In our neoliberal society, which is characterized by matter, efficiency and market forces, the Stadsklooster ensures that the transcending perspective, spirituality and meaning are given more space and attention in the public debate. The reflection on a transcending perspective and on shared values will contribute to cohesion and quality of life.

It has become a whole document, but if you read it carefully, you will discover that it does not so much record things, but that it mainly points out ways to go and explore. The Mariken City Monastery is not an organized trip, it is an expedition.

Travel companions

For this expedition we started looking for fellow travellers. The Stadsklooster should not become an institution, but a joint journey of ecclesiastical and social initiatives, a laura with cells of varying design. That is why, in the past six years, we have had, and still have, many conversations. Using our independence, we wanted to establish the City Monastery in freedom, but also in connection with what we call ‘the mother churches’. We presented the plans to the Nijmegen Council of Churches at an early stage, and we met with the Dean of Nijmegen. In a conversation with Mgr. Gerard de Korte, bishop of den Bosch, he gave us an adviser. We had a whole series of conversations with the PKN pioneer team. And we sat at the table with Mgr. Joris Vercammen, then archbishop of the Old Catholic Church of the Netherlands.

At the local level, on the other hand, we gradually ran into the reflex to turn inward in times of need, to hold on to our own individuality and to carry on as long as possible, even if this is accompanied by considerable substantive and financial concessions.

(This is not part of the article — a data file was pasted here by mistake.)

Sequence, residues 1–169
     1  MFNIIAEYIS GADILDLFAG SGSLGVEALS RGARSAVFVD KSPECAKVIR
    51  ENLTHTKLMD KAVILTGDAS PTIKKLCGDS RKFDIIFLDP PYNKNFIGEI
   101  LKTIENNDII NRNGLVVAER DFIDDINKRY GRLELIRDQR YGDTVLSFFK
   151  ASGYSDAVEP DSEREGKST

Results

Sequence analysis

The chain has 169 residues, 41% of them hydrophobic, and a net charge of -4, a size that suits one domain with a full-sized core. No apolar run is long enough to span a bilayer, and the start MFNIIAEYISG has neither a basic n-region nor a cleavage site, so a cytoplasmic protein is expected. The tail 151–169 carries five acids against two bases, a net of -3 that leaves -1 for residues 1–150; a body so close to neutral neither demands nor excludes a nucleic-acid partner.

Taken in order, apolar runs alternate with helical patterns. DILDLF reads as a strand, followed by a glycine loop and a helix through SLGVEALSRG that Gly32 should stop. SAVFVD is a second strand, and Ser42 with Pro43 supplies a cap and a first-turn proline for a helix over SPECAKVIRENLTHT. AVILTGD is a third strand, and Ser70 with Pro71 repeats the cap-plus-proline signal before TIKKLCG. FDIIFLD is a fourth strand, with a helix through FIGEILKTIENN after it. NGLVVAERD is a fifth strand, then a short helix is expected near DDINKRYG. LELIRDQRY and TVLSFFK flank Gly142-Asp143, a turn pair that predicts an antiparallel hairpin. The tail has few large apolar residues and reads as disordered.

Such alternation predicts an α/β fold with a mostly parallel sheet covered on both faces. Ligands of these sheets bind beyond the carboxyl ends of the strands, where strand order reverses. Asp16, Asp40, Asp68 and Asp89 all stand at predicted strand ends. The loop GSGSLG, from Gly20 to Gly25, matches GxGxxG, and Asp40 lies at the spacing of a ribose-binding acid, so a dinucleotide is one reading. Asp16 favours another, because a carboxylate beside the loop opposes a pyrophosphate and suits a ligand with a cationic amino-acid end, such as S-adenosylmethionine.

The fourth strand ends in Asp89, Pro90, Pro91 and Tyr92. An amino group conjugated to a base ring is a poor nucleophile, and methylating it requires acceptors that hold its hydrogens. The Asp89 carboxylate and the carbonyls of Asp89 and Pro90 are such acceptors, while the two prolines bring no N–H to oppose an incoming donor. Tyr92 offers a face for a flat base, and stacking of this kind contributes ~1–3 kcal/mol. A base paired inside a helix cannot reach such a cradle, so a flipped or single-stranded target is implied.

When the Ecumenical City Pastorate in Nijmegen wanted to talk about a possible merger, we asked them to become co-initiator of the Stadsklooster. We did not want to join the inward path of downsizing and merging, but we wanted to create something new together. We also worked together quite a bit on that road, until an unexpected internal issue arose at the ECP, the board therefore resigned and for the time being they no longer had the strength to help build the Stadsklooster.

For years we have been working with a parish that also has its roots in monastic spirituality. In the church building and the halls around it, there would be enough space for the Stadsklooster, and from the common roots it could possibly move from living in to living together. The first conversations were enthusiastic, the pastors team was completely satisfied. One of the pastors even handed us a postcard with the text: “Do you want to cohabitate with me?” – Until it became clear that the Stadsklooster mainly focuses on the outside, while the emphasis of the parish is nevertheless on community building and deepening the faith of its own community.

We talked to the Protestant Church in the Netherlands and the Protestant community of Nijmegen. Given the shrinkage situation there too, we wanted to consider together whether a jointly supported Stadsklooster might offer a perspective. At a certain point we were about to become a pioneering place, an ecumenical pioneering place that bridges the gap between the churches on the one hand, and between churches and society on the other. But here again the same reflex: instead of pioneering and exploring what being a church might look like, the plan was rejected because the PKN pioneer program clearly aims at the establishment of traditional congregations.